Sat, Jun 15, 2013 : 9:45 a.m.

Is the Theater Guild position the board cut for Misty Plummer an add-on to her salary as an employee in the building? I thought she had a clerical position at the school and helped with PTG similar to how a teacher might be an athletic coach. There were so many students and parents who spoke out in support of PTG and her job and role. I don't understand the details of this cut.

Basic Bob

Sat, Jun 15, 2013 : 1:09 a.m.

It makes you wonder if a paid theater technician is even required. Two or three of our budding theater professionals could learn the ropes.

Brandon Angelini

Sat, Jun 15, 2013 : 12:27 a.m.

I'm all for support of student organizations, but why is it appropriate for PTG to have this position funded by the district when there's no equivalent position being funded at Huron or Skyline? I love Pioneer theatre guild, and am incredibly impressed by every show I've ever seen by them, but when cuts are necessary, there are more important things. Like the funding of the music programs in general.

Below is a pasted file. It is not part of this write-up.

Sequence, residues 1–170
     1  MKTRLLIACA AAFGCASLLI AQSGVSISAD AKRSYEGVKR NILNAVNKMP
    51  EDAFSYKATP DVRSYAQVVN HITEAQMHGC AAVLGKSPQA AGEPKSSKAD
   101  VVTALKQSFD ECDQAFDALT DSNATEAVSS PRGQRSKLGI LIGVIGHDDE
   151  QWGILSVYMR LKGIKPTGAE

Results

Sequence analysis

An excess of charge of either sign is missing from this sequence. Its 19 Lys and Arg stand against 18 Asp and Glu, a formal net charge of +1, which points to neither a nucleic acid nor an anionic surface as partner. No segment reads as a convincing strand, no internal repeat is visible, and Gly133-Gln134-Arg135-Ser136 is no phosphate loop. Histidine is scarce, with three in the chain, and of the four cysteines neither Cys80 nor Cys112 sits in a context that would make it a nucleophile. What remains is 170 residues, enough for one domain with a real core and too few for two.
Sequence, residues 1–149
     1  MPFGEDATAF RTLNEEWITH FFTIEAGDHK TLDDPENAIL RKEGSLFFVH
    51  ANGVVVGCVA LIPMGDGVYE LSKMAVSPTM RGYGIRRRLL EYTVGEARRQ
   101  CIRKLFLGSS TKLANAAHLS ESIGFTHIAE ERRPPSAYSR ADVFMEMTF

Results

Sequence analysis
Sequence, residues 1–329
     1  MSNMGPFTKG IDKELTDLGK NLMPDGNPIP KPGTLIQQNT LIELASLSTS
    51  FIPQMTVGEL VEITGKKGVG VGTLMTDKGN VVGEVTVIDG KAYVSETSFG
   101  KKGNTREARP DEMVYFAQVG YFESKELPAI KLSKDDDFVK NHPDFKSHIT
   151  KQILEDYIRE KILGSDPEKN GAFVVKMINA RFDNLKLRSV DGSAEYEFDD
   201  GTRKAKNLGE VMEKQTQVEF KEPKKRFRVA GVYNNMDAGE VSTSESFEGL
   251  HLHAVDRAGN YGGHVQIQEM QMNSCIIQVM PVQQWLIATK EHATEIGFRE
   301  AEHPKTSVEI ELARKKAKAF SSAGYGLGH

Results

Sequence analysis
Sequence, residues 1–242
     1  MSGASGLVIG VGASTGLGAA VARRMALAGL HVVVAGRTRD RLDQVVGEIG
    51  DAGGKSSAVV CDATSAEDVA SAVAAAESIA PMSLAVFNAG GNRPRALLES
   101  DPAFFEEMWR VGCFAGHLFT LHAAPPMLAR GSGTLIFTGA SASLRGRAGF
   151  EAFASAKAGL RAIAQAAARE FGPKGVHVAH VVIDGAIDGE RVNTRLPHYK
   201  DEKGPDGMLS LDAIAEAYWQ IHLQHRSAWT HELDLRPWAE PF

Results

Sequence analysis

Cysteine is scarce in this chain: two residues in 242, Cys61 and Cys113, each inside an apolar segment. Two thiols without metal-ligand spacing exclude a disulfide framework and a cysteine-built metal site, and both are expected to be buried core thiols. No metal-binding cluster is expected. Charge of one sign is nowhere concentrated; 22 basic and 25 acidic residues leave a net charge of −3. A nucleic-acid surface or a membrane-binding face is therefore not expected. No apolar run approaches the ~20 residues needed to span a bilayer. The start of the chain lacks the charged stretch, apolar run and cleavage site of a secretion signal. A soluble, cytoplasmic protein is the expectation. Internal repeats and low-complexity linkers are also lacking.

Fri, Jun 14, 2013 : 11:03 p.m.

This program was an excellent example of what can be done to assist hundreds of students in becoming better citizens who enjoy and support the arts. The productions were very professional and lead many students into careers where they could excel. I still think the majority of the BOE needs to be replaced with citizens who truly care about OUR CHILDREN's education, and not about the food they get at their Board meetings!!

Stephen Lange Ranzini